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ENGINEERING

4min read

Optimizing API against latency

Designing an API is an incredibly important moment for a project’s future. Every change made in the future will be accompanied by having to support multiple versions of an API, modifying docs, server-side code and the client. Because of this laundry list of changes to keep track of, we try to solve as many design problems as possible up front.
There are several different areas, that make a huge impact. The one we target in this post is latency.

Latency is a time interval between the stimulation and response (…). Wikipedia, Latency (engineering)

What is latency when it comes to mobile devices? Mobile networks are still far from what we would call high performance. There is huge overhead required when you make even a single request from your mobile app. A quick list of the steps needed:

  • RRC negotiation
  • DNS lookup
  • TCP handshake
  • TLS handshake
  • HTTP request

Beyond just this one complicated path, we need to keep in mind some potential problems:

  • weak signal
  • lost signal
  • client is moving and changing base stations
  • routing gets mixed up - source
  • different pings originating from the same location(home/office) - source

You end up with a latency of 100ms-300ms for 3G networks and up to 1000ms for 2G. Since 2G is becoming obsolete and 4G is just around the corner for our users (check this thread), let’s take a look at a forecast from Cisco Systems, Inc. (source).

CISCO mobile connection speed forecast

What this shows is that 4G shouldn’t be treated as the representative network connection of our users. Of course we should be able to target our application well and if it’s an app for geeks, let’s say a StackOverflow client, the subsequent network connection speed will be drastically higher than when compared to a general purpose app like a news reader.

We can deal with latency by trying to optimize DNS lookup counts, shorten the request route, and many many more. We could even go so far as to spend 25 million dollars to improve it by another 1ms. However, this article is addressing a rather specific part connected to API design. So, how can we influence the latency by API design?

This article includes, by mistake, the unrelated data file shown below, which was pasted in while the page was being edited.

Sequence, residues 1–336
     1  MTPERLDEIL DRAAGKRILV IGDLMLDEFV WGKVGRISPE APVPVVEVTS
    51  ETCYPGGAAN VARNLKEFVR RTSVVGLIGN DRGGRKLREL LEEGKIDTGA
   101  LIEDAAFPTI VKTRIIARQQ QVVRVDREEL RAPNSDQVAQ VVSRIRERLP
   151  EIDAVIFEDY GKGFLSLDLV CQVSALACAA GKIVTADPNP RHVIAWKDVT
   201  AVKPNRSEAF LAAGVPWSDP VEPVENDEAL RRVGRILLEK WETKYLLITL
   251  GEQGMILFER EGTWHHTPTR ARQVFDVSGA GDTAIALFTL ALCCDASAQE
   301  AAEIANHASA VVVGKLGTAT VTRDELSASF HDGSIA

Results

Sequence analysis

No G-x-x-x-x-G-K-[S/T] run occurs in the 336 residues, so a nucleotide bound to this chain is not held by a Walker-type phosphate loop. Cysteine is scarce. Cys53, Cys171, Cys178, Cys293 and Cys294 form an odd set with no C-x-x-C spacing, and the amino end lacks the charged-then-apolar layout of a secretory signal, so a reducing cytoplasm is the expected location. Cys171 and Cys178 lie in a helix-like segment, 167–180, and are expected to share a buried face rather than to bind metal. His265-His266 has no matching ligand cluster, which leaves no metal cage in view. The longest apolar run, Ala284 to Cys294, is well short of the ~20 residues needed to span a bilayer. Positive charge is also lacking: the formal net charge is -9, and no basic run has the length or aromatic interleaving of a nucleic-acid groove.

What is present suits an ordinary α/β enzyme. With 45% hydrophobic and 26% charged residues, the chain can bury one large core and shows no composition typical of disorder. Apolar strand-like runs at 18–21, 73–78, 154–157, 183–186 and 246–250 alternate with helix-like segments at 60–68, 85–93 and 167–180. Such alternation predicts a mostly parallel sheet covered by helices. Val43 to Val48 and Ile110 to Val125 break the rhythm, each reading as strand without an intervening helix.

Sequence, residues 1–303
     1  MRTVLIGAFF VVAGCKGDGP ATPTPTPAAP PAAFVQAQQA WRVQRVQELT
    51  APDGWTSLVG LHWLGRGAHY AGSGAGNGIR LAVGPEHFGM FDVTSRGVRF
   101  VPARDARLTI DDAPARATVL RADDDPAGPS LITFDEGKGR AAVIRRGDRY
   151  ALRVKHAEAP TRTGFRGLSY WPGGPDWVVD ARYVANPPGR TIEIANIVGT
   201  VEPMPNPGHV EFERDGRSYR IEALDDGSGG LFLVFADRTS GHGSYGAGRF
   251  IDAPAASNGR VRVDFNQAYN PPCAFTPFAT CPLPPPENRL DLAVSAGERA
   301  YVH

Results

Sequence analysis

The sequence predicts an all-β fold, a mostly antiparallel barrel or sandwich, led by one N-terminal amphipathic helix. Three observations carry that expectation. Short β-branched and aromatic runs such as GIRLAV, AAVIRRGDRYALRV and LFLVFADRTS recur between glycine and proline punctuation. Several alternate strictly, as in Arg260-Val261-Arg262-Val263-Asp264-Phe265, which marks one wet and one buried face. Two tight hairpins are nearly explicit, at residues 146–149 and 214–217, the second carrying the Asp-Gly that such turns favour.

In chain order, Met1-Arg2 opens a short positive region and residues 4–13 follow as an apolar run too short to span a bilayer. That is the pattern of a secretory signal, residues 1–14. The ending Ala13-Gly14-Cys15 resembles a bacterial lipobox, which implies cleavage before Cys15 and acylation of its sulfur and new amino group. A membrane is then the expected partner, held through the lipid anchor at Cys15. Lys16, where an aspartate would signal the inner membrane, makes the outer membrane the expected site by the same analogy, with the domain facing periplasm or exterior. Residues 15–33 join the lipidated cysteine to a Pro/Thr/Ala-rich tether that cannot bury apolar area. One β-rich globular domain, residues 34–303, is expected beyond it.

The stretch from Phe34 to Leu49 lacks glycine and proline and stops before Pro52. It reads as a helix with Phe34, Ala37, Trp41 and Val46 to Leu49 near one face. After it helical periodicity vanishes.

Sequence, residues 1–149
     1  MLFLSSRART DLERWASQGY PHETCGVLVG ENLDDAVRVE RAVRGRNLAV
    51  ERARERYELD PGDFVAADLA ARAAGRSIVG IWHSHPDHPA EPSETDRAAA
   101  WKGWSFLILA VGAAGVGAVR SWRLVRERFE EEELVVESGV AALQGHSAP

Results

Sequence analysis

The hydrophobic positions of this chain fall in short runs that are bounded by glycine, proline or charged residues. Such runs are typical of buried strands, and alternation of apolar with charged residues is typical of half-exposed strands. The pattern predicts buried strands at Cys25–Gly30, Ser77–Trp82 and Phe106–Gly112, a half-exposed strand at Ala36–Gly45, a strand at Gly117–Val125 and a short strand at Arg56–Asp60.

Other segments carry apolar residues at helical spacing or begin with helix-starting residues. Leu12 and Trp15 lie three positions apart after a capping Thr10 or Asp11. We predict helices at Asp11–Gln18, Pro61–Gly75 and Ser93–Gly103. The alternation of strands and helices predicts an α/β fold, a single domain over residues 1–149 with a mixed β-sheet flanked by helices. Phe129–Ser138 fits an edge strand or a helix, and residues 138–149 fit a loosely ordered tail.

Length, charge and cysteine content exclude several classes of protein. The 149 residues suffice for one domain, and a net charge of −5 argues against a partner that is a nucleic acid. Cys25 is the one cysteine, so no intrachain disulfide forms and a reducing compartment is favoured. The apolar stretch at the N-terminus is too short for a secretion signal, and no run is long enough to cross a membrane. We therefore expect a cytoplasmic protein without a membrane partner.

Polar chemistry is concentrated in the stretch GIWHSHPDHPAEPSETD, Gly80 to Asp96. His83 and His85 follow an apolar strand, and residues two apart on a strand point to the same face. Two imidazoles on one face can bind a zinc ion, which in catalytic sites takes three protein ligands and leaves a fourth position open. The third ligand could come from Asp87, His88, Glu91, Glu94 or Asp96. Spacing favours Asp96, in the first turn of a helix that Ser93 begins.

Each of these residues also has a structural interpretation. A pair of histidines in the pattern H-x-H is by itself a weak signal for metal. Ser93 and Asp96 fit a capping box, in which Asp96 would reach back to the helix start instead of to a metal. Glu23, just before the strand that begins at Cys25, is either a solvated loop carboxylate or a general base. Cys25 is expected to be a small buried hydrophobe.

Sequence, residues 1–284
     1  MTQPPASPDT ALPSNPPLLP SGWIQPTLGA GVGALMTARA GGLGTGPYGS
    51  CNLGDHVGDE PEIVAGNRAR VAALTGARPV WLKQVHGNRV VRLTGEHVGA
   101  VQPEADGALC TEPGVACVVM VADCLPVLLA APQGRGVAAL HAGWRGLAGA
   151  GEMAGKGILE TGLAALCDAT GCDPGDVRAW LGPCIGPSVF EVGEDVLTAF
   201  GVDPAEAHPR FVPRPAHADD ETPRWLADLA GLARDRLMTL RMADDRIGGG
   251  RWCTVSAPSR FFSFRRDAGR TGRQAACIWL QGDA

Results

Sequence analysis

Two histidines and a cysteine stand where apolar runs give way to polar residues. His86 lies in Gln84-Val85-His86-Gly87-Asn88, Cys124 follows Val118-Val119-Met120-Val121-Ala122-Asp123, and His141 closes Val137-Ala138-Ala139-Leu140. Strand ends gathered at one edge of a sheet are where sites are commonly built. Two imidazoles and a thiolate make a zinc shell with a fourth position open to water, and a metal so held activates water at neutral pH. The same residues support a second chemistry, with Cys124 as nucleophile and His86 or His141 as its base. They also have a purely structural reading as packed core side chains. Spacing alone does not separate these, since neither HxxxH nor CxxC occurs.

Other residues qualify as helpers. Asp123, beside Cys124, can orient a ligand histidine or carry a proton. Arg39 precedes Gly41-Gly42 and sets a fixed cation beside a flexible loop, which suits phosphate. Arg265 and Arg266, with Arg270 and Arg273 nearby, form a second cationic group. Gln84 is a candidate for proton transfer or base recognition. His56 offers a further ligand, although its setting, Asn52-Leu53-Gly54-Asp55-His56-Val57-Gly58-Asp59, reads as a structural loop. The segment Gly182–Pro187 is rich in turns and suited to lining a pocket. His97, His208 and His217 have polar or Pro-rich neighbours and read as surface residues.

Merging responses

First, let’s make a use of an example. Let’s say we have a view that says user name, age and country. Name and age are a part of /users/{id} resource:

{
  "name": "John Doe",
  "age": 25,
  "links": [
    {
      "rel": "self",
      "href": "/users/123"
    },
    {
      "rel": "account",
      "href": "/accounts/987"
    },
    {
      "rel": "address",
      "href": "/users/123/address"
    }
  ]
}

To display a country, we need to make another call, for /users/{id}/address. This means following the entire route to reach the server again:

{
  "street": "Sesame",
  "no": 25,
  "zipCode": "12-321",
  "state": "NY",
  "country": "US"
}

But since there’s no real reason to make both of those calls, let’s try to save one connection and prepare a special endpoint, dedicated for that screen:

{
  "name": "John Doe",
  "age": 25,
  "counry": "US"
}

Now instead of making two separate calls we may just call a single endpoint and get all of the required information. But remember that there is a tradeoff. To get a more robust API we’re stepping away from a REST design pattern and binding together two related entities - user and address.

Expansion

We don’t always know the way in which our API will be used. In the last example we implicitly assumed that we knew what information was being displayed. But what about cases where we design a service for future consumers which may present data in any way they decide? Yet we still want to give the option to optimize answers.

In that case an expansion pattern becomes very handy. Going to our previous example, what would this look like? We need to prepare a request that specifies which fields to display (and embed from related entities). GET /users/123 now becomes GET /users/123?fields=[name,age,address[country]].

{
  "name": "John Doe",
  "age": 25,
  "address": {
    "counry": "US"
  }
}

This is a pretty neat mechanism for merging responses, although it has it’s own limitations as well. If API consumers are using relations, we won’t be able to change the resource hierarchy without breaking clients.

Keep-alive

The closing trick is to make sure your service supports the HTTP keep-alive option. By default, all mobile HTTP clients will try to sustain the HTTP connection between different calls so it makes perfect sense to utilize this. If the server will agree to keep the connection, the next requests will omit several handshakes and directly be sent to server within an opn connection.

Closing word

In Polidea we are developing mobile apps and supporting them with backend services. The last couple of years has taught us that you may not achieve a proper user experience without slick HTTP communication. This blog post (and the upcoming “Optimizing API against throughput”) were inspired by our experiences from real-world projects. As always, we welcome any feedback and would be happy to discuss this topic as well as our work in further details.

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WojtekHead of Engineering

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